I have two copies of an ntfs partition on a linux server (old backups). If I mount them as loop device, and compare the content file by file, there is no difference between them. But comparing these images with cmp or vbindiff there are many differences. How can I find out what are these? Possibly the original fs was used in windows (only for reading) between making the two copies, but I don't remember and the "find . -ls" gives the same result on the mounted images, so the file dates/times are looking unchanged. I'd like to delete one of them, but I'd like to be sure if they are containing the same data, and the differences are unnecessary junk.

  • 1
    I've found a tool: ntfscmp. It looks like what I'm looking for. (but I'm not sure) Sep 16, 2017 at 8:46

2 Answers 2


You shouldn't compare two images directly if the other one hasn't been made as a direct image of the other one.

If you copy files from a read-only image to a new image, the images will be different on the byte-level, because meta-data on the filesystems are generated in a different order.

This happens because files are created in a different order. there might be some deleted files on the volume. When files are deleted, only the filesystem metadata is updated so that the files' blocks are marked as free, but they will still contain the data of the files.

The only valid comparison is to compare file system contents is via file-level comparison. One good tool for such purpose is rsync with the --dry-run option, which only shows what rsync would do in case differences are found.

Another useful tool for finding differences is diff.

  • Both copies are image backups (dd if=/dev/sdxx of=/Backup/sdxx.img...). After making the first backup, but before destroying the old disk, I've checked that, if they are the same. I found, the image differs from the original partition, so I created a new copy of it with the same dd. It was about a year ago, I have no more memories what happend then. Sep 7, 2017 at 10:14
  • Please elaborate in your question the exact process how the images were made and in which point of time they were made. Sep 7, 2017 at 10:16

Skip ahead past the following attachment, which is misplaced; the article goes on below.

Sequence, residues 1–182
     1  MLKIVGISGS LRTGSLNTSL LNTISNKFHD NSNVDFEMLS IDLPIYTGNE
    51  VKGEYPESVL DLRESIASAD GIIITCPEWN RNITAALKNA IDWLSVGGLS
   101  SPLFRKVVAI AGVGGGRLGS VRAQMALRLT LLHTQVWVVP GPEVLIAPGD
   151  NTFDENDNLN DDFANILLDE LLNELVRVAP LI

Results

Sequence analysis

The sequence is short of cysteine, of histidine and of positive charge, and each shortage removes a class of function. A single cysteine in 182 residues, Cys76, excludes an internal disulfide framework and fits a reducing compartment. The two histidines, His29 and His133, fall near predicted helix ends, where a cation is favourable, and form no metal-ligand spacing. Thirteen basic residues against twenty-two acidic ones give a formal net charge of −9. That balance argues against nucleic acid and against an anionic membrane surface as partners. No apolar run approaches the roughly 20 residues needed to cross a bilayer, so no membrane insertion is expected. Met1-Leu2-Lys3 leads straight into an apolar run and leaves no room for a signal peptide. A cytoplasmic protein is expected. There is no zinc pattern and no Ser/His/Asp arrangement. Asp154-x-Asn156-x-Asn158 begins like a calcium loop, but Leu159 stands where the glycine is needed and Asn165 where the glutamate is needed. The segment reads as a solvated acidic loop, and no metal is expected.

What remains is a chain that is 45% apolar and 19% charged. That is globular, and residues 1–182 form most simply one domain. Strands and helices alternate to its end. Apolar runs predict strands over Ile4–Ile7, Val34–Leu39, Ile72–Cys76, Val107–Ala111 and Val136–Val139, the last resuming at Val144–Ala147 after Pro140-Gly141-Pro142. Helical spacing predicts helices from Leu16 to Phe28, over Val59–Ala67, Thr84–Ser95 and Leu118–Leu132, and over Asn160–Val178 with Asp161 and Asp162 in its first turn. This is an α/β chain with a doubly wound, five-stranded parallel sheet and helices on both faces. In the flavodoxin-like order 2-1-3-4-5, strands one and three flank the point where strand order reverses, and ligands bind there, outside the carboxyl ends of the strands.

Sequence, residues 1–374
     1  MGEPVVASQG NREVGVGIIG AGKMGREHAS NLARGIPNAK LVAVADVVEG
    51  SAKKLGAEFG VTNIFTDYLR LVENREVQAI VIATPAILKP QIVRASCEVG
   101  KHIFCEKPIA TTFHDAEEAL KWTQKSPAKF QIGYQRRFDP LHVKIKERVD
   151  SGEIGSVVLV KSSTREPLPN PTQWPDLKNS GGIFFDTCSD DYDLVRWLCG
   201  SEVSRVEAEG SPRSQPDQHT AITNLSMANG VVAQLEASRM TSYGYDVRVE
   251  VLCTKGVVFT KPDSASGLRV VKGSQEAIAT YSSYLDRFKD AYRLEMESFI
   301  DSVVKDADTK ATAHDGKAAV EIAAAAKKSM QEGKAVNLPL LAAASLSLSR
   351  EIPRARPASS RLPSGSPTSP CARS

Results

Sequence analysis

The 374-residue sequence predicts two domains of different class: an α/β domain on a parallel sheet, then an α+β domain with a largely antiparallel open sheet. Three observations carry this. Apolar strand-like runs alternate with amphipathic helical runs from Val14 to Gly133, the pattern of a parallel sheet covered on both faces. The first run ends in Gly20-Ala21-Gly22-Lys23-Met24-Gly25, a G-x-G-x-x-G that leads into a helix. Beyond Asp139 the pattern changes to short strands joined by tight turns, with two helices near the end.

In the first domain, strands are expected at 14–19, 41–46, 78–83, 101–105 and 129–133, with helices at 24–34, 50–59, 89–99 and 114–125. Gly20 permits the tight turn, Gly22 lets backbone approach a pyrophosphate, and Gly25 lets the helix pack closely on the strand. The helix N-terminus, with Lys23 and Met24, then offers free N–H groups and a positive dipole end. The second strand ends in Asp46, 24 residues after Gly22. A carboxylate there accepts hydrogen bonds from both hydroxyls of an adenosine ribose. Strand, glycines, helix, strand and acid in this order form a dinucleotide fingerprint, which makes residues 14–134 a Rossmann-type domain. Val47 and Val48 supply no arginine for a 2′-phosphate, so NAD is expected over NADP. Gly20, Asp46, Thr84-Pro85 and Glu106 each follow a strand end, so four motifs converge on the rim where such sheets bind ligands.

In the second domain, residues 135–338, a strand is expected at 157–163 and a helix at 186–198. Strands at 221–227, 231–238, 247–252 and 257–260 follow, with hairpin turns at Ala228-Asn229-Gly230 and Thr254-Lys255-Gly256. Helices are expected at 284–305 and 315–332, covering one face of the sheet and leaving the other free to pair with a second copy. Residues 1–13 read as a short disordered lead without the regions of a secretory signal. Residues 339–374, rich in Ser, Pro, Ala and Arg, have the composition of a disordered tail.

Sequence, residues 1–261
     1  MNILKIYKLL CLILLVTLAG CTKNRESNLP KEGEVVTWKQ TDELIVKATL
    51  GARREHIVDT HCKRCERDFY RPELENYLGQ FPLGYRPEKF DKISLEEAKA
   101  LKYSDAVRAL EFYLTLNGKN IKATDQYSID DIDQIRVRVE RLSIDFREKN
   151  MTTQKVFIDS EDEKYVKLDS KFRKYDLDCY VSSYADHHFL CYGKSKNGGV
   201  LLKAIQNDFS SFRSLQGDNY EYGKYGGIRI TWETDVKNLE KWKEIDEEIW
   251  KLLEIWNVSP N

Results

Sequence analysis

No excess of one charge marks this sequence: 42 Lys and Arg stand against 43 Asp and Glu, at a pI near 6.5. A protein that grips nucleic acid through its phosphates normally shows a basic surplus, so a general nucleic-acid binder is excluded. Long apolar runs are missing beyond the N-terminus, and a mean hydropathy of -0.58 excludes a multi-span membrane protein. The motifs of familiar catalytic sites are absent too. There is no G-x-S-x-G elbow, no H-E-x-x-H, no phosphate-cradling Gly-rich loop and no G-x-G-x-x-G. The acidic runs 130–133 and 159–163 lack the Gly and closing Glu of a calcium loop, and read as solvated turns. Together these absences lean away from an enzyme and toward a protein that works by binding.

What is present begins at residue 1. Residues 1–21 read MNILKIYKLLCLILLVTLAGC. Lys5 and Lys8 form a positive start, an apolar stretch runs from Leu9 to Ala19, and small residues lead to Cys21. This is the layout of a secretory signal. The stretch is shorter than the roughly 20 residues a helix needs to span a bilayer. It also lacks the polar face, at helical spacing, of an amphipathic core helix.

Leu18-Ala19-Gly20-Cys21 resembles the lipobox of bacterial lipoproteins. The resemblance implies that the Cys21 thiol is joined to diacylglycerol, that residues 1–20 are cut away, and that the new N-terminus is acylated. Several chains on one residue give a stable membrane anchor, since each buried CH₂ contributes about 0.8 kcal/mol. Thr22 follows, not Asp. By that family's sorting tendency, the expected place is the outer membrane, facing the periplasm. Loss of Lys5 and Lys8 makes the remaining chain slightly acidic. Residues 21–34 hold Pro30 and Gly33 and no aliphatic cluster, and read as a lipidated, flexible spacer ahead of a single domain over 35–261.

• O.K. It was the data partition on a notebook. I booted a live linux and backed up this partition to an external hdd: dd if=/dev/sdxx of=/Backup/sdxx.img Several hours or a day later, I checked if the backup is identical to the original partition. It was different. I've created a new backup: dd if=/dev/sdxx of=/Backup/sdxx_v2.img then cleared the hdd and used for another purposes. Between the to backups I possible booted the original windows system on the laptop, but I'm sure, that I didn't touch that partition. Sep 7, 2017 at 10:23
  • Even booting up Windows will cause differences on the file system contents. For example, swap file contents change, temporary files get created and deleted etc. File-level comparison is the only reliable indicator of possible changes. Sep 7, 2017 at 10:26
  • It was a data partition, it was used only when I've manually started some software. There were no place temporary files or swap or anything like these. When I destroyed that Windows, I suspected, the system was infected by an unknown malware... Sep 7, 2017 at 10:32

I think, I have found a possible solution. There are some tools in the package ntfs-3g: ntfscmp, ntfsinfo, ntfscat etc.

With ntfscmp I could compare the ntfs images and it shows the different inodes.

With ntfsinfo -i image_name I could determine the type of that inodes and many other information about them. The inodes with different content are named as "$LogFile" - this is the ntfs's own journal AFAIK.

The solution: there are no real differences between images, perhaps I've mounted them as r/w and ... and I don't know what other happened to them, but the content is the same on both images.

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